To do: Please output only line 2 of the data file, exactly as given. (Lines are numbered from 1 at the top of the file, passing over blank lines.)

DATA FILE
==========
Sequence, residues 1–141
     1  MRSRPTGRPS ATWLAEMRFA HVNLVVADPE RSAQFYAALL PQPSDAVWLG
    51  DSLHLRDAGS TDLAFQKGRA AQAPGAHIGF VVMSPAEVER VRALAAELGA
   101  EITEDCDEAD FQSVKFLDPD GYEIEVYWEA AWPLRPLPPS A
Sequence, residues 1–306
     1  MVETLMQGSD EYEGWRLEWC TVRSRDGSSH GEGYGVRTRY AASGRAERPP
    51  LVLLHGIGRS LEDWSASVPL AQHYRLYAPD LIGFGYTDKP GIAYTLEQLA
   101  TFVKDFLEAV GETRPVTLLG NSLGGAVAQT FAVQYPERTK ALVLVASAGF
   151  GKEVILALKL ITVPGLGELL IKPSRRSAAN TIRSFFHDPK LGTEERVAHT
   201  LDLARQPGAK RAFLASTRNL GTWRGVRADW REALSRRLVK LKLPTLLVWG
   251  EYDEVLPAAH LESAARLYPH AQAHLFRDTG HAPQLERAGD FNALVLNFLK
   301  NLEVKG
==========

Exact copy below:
     1  MRSRPTGRPS ATWLAEMRFA HVNLVVADPE RSAQFYAALL PQPSDAVWLG